In 1767, the Townshend Acts introduced a series of taxes on the colonists for various goods including glass, lead, paint, paper, and tea. In February 1768, the Massachusetts assembly adopted Samuel Adams’ proposal denouncing the taxes. It stated that the taxes were “infringements of their natural and constitutional rights” because the colonists did not give their consent. This Massachusetts Circular Letter appealed to other colonies to “harmonize with each other” in protesting the taxes. In London, the ministry was outraged by what it considered sedition and instructed Governor Francis Bernard to coerce the assembly to revoke the letter. When the assembly refused, Bernard suspended the legislature.
In Virginia, the House of Burgesses passed resolutions on May 16 that stated the “sole right of imposing taxes on the inhabitants of this his Majesty’s colony and dominion of Virginia, is now, and ever hath been, legally and constitutionally vested in the House of Burgesses.” The new royal governor, Lord Botetourt, responded, “I have heard of your resolves, and augur ill of their effect. You have made it my duty to dissolve you; and you are dissolved accordingly.”
The Burgesses marched down the street a short distance to the upper room of Raleigh Tavern where the people’s representatives appointed a committee to draw up a nonimportation agreement. They agreed to the boycott, which was drafted by George Mason with George Washington’s help, on the following day. For Washington, self-government was a moral principle and must be defended. “That no man should scruple, or hesitate a moment to use arms in defense of so valuable a blessing, on which all the good and evil of life depends.”
Perhaps the most infamous dissolution of a colonial legislature was introduced by the Coercive Acts which Parliament passed in 1774 to punish Massachusetts for the Boston Tea Party. The Massachusetts Government Act wiped out town meetings and altered the Massachusetts charter and government to place it under royal control. This “Intolerable Act” was a gross violation of colonial self-government.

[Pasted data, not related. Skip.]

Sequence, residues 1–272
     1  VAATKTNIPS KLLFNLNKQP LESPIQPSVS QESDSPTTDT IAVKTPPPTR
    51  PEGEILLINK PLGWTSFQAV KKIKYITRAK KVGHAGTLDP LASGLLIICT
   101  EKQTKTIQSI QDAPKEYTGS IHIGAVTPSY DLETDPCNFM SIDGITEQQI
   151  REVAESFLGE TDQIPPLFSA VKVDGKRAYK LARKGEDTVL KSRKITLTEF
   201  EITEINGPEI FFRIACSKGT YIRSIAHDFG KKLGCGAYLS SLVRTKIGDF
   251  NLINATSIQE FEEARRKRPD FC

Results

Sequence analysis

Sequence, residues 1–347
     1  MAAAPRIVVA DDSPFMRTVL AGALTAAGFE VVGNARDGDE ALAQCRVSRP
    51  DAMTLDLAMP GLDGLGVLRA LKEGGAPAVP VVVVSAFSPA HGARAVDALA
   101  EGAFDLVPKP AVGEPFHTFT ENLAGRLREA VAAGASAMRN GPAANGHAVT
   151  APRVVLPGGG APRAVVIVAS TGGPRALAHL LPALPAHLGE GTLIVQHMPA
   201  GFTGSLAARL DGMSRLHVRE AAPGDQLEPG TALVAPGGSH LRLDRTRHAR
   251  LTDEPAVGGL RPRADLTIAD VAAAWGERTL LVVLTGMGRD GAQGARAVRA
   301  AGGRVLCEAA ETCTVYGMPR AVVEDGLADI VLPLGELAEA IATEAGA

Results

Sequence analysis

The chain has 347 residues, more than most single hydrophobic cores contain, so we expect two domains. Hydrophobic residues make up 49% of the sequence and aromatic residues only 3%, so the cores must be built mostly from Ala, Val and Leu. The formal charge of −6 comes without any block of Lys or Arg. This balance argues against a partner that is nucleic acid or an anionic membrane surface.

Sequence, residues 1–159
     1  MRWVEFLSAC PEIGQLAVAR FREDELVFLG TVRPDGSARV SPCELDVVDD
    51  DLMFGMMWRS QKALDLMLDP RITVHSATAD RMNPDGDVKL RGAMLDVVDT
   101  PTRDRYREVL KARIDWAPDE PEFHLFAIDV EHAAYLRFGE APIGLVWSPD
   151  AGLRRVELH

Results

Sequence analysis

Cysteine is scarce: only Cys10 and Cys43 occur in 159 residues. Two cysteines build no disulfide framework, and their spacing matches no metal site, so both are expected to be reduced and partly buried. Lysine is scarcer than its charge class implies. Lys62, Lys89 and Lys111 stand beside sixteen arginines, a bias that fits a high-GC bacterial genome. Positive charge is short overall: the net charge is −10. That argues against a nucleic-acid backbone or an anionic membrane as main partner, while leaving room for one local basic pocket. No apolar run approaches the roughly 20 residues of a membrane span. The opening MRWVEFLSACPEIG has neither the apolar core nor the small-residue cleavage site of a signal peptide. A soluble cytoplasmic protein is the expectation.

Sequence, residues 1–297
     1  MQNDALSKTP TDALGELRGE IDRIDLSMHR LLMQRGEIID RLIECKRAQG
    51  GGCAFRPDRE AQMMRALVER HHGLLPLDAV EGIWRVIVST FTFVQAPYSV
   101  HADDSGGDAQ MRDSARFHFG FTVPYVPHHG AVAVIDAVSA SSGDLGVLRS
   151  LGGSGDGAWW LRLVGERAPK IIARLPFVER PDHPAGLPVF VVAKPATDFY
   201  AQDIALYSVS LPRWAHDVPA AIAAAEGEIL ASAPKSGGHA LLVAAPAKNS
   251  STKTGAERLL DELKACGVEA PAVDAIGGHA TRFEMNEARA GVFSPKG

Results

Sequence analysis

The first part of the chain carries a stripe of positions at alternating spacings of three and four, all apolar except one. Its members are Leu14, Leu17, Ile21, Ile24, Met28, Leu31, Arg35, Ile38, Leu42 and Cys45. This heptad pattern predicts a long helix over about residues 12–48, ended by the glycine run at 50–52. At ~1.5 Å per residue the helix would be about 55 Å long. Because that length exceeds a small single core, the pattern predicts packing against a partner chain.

True to form, Virginia royal governor, Lord Dunmore then dissolved the House of Burgesses for resolving to hold a Day of Fasting and Prayer in support of Boston on June 1 to “give us one heart and one mind to firmly oppose, by all just and proper means, every injury to American rights.” The Burgesses again marched to Raleigh Tavern and agreed to boycott British goods. The indefatigable colonists then answered a Massachusetts call for the people’s representatives to assemble in Philadelphia for a Continental Congress to deliberate on “wise and proper measures” to preserve self-government.
In Federalist #39, James Madison described the republican principle of consent: “We may define a republic to be, or at least may bestow that name on, a government which derives all its powers directly or indirectly from the great body of the people, and is administered by persons holding their offices during pleasure for a limited period.” Madison’s quote represents the source of American resistance to British violations of colonial representative self-government and why the Declaration of Independence made its charge against George III.
Tony Williams is a Senior Fellow at the Bill of Rights Institute and is the author of six books including Washington and Hamilton: The Alliance that Forged America with Stephen Knott. Williams is currently writing a book on the Declaration of Independence.
Podcast by Maureen Quinn
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We should be drawing ever closer to renewing our Patriotic commitment to fight the absolute Coercive acts being forced upon our great nation at this time.